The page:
There are also functions which create GUI controls for each instance. This function is used to create the spring force controls on the force control surface in the app. virtual void makeListControl( buttonList& BL );// prepare a given buttonList (see below)

There is a level in the app, not shown in the demo, where 3 methods of applying a force to sparks are compared.
1. Apply force directly.
2. Calculate force = -Gradient( U(pos) ) where partial derivatives are approximated.
3. A force map is created, then the force acting at the spark position is interpolated from the map.
Response variance is seen where forces vary rapidly with position, such as near the attraction center of an inverse square force. See include/level/lvl_spark.h and .cpp
The other forces: cross, drag and gravity are applied directly in the lvl_sparkAni::update() function.

** The GUI objects: see include/button_types
All GUI objects derive from the abstract class button, so named because it all started with just a clickable button. Here are the core interface functions:

virtual void draw( sf::RenderTarget& RT )const = 0;// draw the object
virtual bool hit()const = 0;// test if the mouse cursor is over it. The shape of a button can vary with the type.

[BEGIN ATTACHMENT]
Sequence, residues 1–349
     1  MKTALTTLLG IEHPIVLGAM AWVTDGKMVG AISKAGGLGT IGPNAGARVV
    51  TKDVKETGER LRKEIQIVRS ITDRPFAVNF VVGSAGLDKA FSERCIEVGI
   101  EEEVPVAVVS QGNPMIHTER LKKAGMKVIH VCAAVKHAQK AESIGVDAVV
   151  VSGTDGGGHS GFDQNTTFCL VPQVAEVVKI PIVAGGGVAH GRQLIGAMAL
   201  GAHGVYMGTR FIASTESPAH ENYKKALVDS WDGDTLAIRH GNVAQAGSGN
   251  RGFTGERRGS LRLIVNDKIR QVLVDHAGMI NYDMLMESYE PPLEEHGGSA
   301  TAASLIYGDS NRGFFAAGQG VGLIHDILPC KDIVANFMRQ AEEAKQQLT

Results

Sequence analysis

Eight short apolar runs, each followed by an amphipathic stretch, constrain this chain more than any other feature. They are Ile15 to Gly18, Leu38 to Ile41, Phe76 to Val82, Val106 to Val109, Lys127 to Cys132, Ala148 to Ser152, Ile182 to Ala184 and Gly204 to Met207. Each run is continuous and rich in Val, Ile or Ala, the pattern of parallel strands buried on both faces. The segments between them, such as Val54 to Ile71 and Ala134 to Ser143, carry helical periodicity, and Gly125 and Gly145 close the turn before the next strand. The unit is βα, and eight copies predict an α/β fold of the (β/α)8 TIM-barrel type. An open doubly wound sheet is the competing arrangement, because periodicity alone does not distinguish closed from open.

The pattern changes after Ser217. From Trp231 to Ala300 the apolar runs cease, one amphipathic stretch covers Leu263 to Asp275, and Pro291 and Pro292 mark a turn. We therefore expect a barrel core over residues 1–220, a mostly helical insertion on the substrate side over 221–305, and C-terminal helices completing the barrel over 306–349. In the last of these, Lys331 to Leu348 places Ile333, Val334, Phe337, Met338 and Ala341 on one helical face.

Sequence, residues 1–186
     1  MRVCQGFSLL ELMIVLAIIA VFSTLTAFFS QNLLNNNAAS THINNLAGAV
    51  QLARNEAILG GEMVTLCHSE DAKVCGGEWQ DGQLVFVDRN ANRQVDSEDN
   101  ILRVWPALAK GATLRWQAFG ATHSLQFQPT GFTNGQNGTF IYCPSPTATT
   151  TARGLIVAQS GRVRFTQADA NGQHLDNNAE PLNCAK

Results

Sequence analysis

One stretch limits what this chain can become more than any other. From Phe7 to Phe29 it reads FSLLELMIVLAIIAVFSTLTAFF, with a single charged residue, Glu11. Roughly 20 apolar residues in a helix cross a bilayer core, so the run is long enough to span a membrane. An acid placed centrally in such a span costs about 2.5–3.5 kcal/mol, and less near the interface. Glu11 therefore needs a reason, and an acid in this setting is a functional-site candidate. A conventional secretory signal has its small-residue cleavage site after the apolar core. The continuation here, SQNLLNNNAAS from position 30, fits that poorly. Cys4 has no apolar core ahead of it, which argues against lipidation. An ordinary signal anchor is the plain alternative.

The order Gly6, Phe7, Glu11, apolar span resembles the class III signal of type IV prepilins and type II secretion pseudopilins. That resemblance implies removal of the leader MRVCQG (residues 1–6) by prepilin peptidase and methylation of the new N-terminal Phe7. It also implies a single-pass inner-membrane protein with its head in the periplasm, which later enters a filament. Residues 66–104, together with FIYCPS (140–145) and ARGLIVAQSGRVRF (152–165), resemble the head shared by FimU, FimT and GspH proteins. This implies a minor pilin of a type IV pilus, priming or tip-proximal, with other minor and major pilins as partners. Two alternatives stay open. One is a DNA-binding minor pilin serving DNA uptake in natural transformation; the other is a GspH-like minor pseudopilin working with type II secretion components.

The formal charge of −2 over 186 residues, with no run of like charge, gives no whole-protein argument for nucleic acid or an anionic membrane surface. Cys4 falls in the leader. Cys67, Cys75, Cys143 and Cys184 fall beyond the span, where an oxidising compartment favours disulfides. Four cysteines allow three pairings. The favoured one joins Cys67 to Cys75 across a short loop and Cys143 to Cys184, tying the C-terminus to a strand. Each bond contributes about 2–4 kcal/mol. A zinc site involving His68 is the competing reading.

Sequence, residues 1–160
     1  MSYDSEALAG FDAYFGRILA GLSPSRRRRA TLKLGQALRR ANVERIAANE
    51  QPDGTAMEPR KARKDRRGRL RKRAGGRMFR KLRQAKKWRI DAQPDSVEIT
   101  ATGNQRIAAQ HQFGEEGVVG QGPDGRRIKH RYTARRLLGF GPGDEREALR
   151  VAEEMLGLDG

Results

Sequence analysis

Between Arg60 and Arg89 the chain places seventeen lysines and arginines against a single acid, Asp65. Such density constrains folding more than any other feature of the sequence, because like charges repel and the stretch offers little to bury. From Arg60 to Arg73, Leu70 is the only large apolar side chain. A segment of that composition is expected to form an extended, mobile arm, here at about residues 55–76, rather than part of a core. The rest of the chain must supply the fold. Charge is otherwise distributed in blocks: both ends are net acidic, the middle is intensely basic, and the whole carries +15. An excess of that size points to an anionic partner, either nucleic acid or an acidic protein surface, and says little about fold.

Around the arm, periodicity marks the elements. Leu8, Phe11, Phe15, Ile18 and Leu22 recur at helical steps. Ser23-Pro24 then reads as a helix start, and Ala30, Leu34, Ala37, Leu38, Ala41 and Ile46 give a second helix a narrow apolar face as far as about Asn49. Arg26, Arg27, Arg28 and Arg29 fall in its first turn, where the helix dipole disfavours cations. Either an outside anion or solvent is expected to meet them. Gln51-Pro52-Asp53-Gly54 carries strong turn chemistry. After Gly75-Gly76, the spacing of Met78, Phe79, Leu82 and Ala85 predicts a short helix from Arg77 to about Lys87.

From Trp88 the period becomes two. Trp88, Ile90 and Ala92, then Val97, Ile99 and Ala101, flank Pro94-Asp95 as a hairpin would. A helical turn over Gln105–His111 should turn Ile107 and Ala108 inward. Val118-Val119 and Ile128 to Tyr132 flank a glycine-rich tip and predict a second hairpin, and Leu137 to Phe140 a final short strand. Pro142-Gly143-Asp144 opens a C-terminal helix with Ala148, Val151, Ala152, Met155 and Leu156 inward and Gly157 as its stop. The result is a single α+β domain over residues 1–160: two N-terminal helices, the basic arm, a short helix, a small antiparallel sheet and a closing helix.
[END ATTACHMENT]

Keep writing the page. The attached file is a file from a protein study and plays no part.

virtual bool MseOver();// calls hit() and assigns a few things
virtual bool hitLeft();// respond to left click
virtual bool hitRight();// respond to right click
virtual void setPosition( sf::Vector2f Pos ) = 0;
virtual void update();// supports animated features
virtual void init_delayBox()// supports hover effects eg. value to be selected on a click strip object.

There are also some static member functions which process all GUI objects in a loop. These functions are called outside of the Level::update() function, so the only coding necessary in a level is to initialize the GUI objects. All usage is then automatic.
The buttonList (a drop list) and controlSurface types manage a set of other button objects, and serve as a proxy for them to the static management system. The click strip (typename buttonValOnHit) and slideBar types derive from an abstract floatSelector type. The multiSelector type is defined in floatSelector.h and combines a floatSelector with a std::vector<buttonRect> so a single click strip (or slideBar) can be used to set numerous quantities. It's used in most of the controls seen in the demo.
The buttStrip type is a button which opens/closes a single floatSelector. It's used in the force control to vary the cross, drag and gravity forces being applied to the sparks. When used with a slideBar it can be set to fade the value in and out.